One sign that a consistory is taking place in the Pope Francis era is that in at least a couple of cases, ordinary people typically are forced to hit Google to find out where their home countries even are.
Francis came from “the end of the earth,” as he put it, and sometimes
he appears determined to find his new cardinals in the same far-flung
In 2014, it was Ouagadougou in Burkina Faso and Ley Cayes in
Haiti; in 2015, Tonga and Cape Verde.
This time around, one of the more exotic settings for a new red hat
is the island nation of Mauritius, located in the Indian Ocean about
1,200 miles off the coast of Africa.
Its population is about 1.2
million, and as of next month Mauritius will have its very own cardinal
in the person of Bishop Maurice Piat of the capital city of Port Louis.
A member of the Congregation of the Holy Ghost, often referred to as
the “Spiritan” fathers, Piat turned 75 in mid-July and was preparing for
retirement, having submitted the mandatory resignation letter to the
Francis, however, obviously has something else in mind for the
veteran prelate, who was ordained a priest in 1970, became the coadjutor
bishop of Port Louis in 1991, and took over in 1993.
Francis famously is a pope with a passion for the peripheries, for
lifting up often overlooked or ignored corners of the world, and
certainly in Mauritius he’s chosen to spotlight an endlessly fascinating
if little-known cultural milieu.
Because Indians were pressed into servitude by the European settlers of the island in the 19th
century, Mauritius has a large Hindu population, estimated at roughly
50 percent of the national total - making Mauritius the lone nation
considered part of Africa with a Hindu majority, and the country with
the third highest percentage of Hindus in the world after Nepal and
Mauritius is also roughly one-third Christian, with 80 percent of
that Christian total being Catholic. As a result, despite its small
size, it’s arguably one of the world’s premier laboratories for
Catholic/Hindu dialogue, still relatively unencumbered there by the
pressures of militant Hindu nationalism presently sweeping India.
Born in 1941 in the Mauritian city of Moka, Piat studied at the local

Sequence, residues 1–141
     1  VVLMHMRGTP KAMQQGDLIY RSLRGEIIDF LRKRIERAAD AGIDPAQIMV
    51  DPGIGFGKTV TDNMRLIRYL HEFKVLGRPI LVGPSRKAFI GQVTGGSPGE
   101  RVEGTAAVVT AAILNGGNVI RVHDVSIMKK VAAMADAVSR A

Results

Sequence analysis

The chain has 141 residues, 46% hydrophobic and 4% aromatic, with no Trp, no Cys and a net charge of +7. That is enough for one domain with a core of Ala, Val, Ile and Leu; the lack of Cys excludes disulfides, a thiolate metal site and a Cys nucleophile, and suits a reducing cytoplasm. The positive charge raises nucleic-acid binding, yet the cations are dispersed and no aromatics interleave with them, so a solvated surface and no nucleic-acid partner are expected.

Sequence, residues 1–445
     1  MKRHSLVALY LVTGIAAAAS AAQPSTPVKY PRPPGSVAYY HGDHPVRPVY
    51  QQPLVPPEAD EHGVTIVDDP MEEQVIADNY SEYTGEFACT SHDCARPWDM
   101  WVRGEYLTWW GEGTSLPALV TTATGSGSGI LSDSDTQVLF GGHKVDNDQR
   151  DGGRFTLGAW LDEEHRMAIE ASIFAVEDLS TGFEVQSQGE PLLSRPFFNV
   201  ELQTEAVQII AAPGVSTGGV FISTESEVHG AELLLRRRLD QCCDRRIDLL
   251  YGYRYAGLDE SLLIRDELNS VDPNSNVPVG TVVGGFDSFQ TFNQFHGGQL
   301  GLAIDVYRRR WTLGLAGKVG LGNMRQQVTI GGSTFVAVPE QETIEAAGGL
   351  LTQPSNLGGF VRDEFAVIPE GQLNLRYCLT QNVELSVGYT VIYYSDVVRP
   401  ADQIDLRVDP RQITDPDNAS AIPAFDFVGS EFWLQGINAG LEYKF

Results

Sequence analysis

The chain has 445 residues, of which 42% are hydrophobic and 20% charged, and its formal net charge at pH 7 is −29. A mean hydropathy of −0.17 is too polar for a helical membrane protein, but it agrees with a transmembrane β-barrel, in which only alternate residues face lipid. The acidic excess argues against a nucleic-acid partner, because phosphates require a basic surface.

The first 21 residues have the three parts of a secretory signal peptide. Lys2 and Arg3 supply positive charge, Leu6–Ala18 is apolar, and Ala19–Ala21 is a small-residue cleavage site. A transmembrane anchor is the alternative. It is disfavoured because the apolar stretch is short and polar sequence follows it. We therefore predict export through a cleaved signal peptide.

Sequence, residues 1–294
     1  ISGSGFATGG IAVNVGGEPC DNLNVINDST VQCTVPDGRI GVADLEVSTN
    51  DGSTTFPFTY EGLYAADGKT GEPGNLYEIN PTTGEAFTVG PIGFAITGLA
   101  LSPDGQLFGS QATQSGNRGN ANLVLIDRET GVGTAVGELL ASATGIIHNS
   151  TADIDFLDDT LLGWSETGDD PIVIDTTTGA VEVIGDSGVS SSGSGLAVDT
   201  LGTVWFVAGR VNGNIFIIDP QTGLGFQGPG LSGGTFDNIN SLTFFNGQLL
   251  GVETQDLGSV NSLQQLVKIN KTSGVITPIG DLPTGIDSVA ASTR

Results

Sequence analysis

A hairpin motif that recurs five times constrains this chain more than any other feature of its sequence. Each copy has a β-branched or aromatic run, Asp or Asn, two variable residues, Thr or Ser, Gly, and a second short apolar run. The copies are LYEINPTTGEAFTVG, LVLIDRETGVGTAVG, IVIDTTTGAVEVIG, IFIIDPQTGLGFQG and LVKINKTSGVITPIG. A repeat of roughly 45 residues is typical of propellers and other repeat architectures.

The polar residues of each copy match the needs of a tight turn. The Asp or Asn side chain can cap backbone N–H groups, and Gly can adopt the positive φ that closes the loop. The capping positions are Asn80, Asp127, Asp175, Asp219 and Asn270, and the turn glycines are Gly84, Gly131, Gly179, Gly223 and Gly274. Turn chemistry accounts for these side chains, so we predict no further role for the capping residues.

College of the Holy Spirit, run by the order which he eventually
joined, and then in Ireland and Rome.
When Piat was named to Port Louis in the early 1990s, he chose an
appropriate seafaring motto, “Set out into the deep,” and placed his
episcopacy under the protection of Jacques-Désiré Laval, the great
“Apostle of Mauritius” in the 19th century and the first blessed of the Spiritan order.
From 1996 to 2002, he served as president of the bishops’ conference
of the Indian Ocean, and in 2009 he was designated a “Grand Officer of
the Order of the Star and Key of the Indian Ocean” by the president of
Though by nature modest and fairly reserved, Piat appears to have
taken his own motto to heart, launching himself into efforts at
inter-faith dialogue, maintaining a good rapport with the government and
civil society, and keeping up a demanding schedule of visits to
parishes and schools, as well as meeting with priests, lay leaders,
movements and ecclesiastical commissions.
In that sense, Piat comes off as a prototypical “Francis bishop,” the
kind of prelate driven to get out into the streets and meet people
where they are.
An Oct. 9 write-up of Piat in a local paper in Mauritus said that
when he makes the rounds, “everywhere and always, one feels taken up by
the Gospel, by the determination to meet Christ and to walk with him.”
Although when Piat enters the College of Cardinals on Nov. 19, the
honor will be primarily for his home nation, it’s hard to imagine that
Francis didn’t have one eye on India in making the pick.
The pontiff has
already confirmed that he’s planning to travel to India in 2017, and
he’s well aware that the small Christian community in India feels
increasingly pressured by the government of Prime Minister Narendra Modi
and what’s known as its implicit campaign of “safronization,” meaning
imposing Hindu practices and values.
In that light, Piat could emerge as an important interlocutor for the
pope with the Hindu world, and play a key behind-the-scenes role in
preparations for the trip next year.
In an interview with Vatican Radio after his appointment was
announced, Piat said he was “very touched by the trust [the pope] puts
in me,” adding, in a vintage Francis-esque touch, “which is far from
“I am at his disposal,” Piat said, “for whatever service he will ask of me.”
It’s not clear how much longer Piat may continue in office, having
already turned 75, and of course in less than five years he’ll also lose
his right to vote for the next pope, should a conclave not occur in the
In a sense, however, the longevity of his service isn’t really the
Instead, it’s that Francis once again has converted the Gospel
ideal of “the last shall be first” into a program of governance, this
time by giving another small island nation its day in the sun.